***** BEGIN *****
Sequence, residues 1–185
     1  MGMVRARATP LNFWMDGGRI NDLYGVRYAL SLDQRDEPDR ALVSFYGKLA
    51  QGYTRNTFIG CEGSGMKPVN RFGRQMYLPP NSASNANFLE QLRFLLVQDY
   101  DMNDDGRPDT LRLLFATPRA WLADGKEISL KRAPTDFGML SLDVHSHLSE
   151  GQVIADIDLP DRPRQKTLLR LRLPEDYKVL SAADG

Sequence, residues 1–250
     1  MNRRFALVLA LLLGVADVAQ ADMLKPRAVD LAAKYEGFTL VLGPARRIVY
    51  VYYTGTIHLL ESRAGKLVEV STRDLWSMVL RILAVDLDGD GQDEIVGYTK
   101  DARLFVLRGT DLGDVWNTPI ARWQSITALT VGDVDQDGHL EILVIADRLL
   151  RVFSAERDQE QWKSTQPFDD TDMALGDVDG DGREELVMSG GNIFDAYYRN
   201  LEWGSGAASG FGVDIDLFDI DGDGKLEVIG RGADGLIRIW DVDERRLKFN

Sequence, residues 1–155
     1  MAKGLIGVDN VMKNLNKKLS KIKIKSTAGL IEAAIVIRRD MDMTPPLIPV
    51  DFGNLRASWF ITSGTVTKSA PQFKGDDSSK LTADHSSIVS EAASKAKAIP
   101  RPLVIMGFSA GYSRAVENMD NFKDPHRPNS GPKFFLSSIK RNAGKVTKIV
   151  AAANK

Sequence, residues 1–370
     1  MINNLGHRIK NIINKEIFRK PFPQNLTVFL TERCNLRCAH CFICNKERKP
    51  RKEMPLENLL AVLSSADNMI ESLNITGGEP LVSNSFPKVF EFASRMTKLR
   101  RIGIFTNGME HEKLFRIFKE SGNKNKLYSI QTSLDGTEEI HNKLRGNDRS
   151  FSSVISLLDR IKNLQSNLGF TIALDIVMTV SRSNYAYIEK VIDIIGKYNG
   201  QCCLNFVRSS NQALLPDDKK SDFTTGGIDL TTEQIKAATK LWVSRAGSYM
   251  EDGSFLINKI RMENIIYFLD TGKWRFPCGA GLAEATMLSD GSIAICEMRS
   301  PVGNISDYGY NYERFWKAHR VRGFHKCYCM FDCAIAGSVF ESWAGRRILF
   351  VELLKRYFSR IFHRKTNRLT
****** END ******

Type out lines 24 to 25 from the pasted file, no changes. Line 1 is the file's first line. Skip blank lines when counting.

   301  PVGNISDYGY NYERFWKAHR VRGFHKCYCM FDCAIAGSVF ESWAGRRILF
   351  VELLKRYFSR IFHRKTNRLT